Why walk the entire perimeter of Death Valley National Park?

It’s 7 p.m. here in beautiful Beatty, NV and I just got off the phone with Marshall. They’re at about 6,000 feet up Oriental Wash near Gold Mountain north of Death Valley National Park. “The view is just beautiful,” he told me.

They’ve already worn their heavy shirts and needed their sleeping bags, so at this higher elevation they’ll definitely be using their cold-weather gear tonight. It seems strange, but even 80 degrees can feel very cold after you’ve been hiking and expending all of your energy in over 100-degree heat.

People ask me, “Why? Why, why, why?” Why do people like Marshall and Dave set out to do a self-supported, over 400-mile trek across some of the most brutal, unforgiving terrain on the planet?

Well, I’d love to give you an answer, but I don’t know. Maybe they don’t know, completely, either. Marshall searched his soul during the run across America and tried to find, and explain, his motives for pushing himself – mentally, emotionally, spiritually, physically – to the limits in his book, Running on Empty. Some of the answers are there. And although he told me, “I’m not going to do anything else really extreme” after he finished the transcon, he’s currently on day four of the Death Valley National Park expedition with his friend Dave Heckman. When Roger and I saw them before noon today, they had already trekked more than 81 miles around the park:

  • Day one: 20 miles, CA highway 190 west of Death Valley Junction north into the Armargosa Valley
  • Day two: 25 miles, Armargosa Valley northwest to near NV highway 374 southwest of Beatty, NV
  • Day three: 27 miles (they had expected 21 miles, but terrain, cache locations, and the availability of some unimproved dirt roads rather than trekking completely cross-country, increased the distance), SW of Beatty, NV north, then NW to 9 miles south of Bonnie Claire in Sarcobatus Flat
  • Day four at the mid-day water cache: 9 miles, with about 10 more to go before reaching their overnight cache location, North to Bonnie Claire, then northwest to the foot of Gold Mountain

Dave said in the video preview of this expedition, “What’s really going on is you’re going inside yourself, and to really discover things about yourself that you can’t discover unless you do something like this.”

So self-exploration is part of it. Experiencing the beauty of the desert also drives both Dave and Marshall. We’re all hoping a documentary will be made about this expedition, telling more than just their story. They want to share the history of the Timbisha Shoshone, who have lived here for generations, and the history of the early explorers, miners, and other brave souls who explored, and sometimes exploited, the desert.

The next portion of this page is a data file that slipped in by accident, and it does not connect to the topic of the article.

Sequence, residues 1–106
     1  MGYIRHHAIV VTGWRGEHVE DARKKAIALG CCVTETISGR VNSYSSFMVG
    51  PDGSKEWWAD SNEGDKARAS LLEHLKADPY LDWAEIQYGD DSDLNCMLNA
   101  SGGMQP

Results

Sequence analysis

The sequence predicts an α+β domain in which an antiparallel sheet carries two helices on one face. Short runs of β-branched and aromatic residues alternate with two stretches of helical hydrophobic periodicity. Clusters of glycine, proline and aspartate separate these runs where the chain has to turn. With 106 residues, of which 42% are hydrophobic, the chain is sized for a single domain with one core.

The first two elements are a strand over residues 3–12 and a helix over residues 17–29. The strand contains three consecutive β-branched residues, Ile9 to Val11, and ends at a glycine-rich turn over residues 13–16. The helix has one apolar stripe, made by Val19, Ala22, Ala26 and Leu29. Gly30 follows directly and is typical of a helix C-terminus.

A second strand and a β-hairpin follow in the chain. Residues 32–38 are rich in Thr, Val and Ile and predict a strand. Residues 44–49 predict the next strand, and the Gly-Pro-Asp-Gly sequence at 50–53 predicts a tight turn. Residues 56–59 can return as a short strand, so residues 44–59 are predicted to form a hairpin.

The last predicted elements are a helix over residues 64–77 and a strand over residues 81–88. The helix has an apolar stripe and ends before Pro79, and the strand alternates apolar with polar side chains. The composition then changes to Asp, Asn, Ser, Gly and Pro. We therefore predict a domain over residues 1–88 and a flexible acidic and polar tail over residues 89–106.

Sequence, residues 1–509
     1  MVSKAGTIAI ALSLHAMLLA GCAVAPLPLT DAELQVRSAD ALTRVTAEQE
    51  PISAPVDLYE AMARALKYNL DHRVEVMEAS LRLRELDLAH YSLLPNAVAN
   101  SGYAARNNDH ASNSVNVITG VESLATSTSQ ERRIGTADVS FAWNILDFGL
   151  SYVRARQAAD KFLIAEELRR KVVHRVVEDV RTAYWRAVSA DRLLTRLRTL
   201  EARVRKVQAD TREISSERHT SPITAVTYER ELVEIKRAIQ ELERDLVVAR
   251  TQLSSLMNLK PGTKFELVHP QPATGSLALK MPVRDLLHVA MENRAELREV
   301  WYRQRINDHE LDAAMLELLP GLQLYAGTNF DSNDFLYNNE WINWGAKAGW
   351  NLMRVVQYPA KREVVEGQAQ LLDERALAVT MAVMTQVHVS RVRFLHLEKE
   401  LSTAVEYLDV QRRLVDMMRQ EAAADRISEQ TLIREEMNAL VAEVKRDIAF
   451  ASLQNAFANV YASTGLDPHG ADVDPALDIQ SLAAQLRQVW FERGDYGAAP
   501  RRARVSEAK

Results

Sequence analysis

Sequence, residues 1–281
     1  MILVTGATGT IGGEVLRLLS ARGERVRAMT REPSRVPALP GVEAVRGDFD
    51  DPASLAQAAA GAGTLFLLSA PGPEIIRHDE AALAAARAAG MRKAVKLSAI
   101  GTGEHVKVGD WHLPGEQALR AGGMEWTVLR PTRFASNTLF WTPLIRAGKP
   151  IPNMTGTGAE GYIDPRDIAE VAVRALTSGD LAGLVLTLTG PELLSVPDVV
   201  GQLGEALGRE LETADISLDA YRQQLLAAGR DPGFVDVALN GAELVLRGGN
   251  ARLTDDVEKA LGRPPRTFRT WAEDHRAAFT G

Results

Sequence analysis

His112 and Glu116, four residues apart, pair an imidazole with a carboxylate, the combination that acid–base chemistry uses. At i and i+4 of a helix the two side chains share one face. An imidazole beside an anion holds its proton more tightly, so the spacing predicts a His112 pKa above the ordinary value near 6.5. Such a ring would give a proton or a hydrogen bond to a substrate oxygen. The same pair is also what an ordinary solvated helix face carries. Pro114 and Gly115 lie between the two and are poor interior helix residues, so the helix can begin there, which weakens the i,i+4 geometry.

Other reasons? Dave and Marshall both also commented today about “all of the crap we don’t need.” They’re definitely discovering how little you really need to survive. Marsh wrote before about what they’ve buried along their desert route along the perimeter of the National Park, but you might be wondering what they are carrying and wearing. Here’s what they’ve got:

  • At least two, 100-ml bladders of water (6.5 lbs per 100 fl oz = 13 lbs of water) for “short” distances of 8-10 miles in relatively cool (at or below about 100 degree Fahrenheit) weather and “easy” terrain. Sometimes they will have to carry three (19.5 lbs), or even four (26 lbs) 100-mil bladders between caches, depending on heat, terrain, and distance between caches (which was sometimes determined by accessibility)
  • Deuter Spectro AC30 backpack
  • LEKI Carbonlite XL trekking poles
  • GPS unit (Dave)
  • Tracking device (Marshall, if it’s not fried by the heat!)
  • 3-D video camera (Marshall)
  • Still camera (Dave)
  • Satellite phone (Dave)
  • Small titanium trowel with a modified handle to dig up caches (Marshall)
  • ExOfficio Vent’r pants — probably Marshall’s favorite piece of clothing right now
  • ExOfficio T-shirt
  • ExOfficio underwear (boxers or briefs? Well, that’s a secret!)
  • GoLite long-sleeved shirt
  • Balega socks
  • Hoka hikers (usually, he wears the Stinson Evos for trail running)
  • Down sweater (Marsh) or long-sleeved fleece (Dave)
  • Sleeping pad
  • Bivvy sack
  • Light sleeping bag
  • Buffs (dust protection and water cooling)
  • Knife/multi-tool
  • Small stove, titanium cooking pot and coffee cup (Marsh)
  • Heavy-duty emergency blanket to use for a sunshade or ground cloth when they sleep
  • Light cord and a couple of “baby bungees” (more on that later)
  • Sun hat or scarf
  • Sunglasses
  • Headlamps
  • TP and sanitary wipes
  • Toothbrush
  • ENGO blister prevention patches
  • Sportslick
  • Dermatone sunscreen and lip protection
  • Watch
  • Wedding rings — hey, these are important! 😉

Total weight? A minimum of 25 pounds. Much more when three or four bladders of water are needed. So, someone asked, are they running at all? No. This is a self-supported, approximately 450-mile trek in the desert.

“All of the equipment is just perfect,” Marshall told me today. Thanks to all of the sponsors who provided the right stuff. Their lives depend on it! Marshall has tested equipment in some of the most difficult conditions, terrain, and locations in the world. He knows what works, and both he and Dave put a lot of thought into every detail of this expedition.

Marshall and Dave are both in great spirits and doing well. They’re working on their beards, but suprisingly, they don’t smell too bad. Really! The right clothing helps a lot. And they’re able to rinse off at most of the cache locations – dumping water over themselves and getting a “shower,” doing “laundry,” and cooling off in one easy step – as they buried enough water for this purpose.

More later as the adventure continues!

 

 

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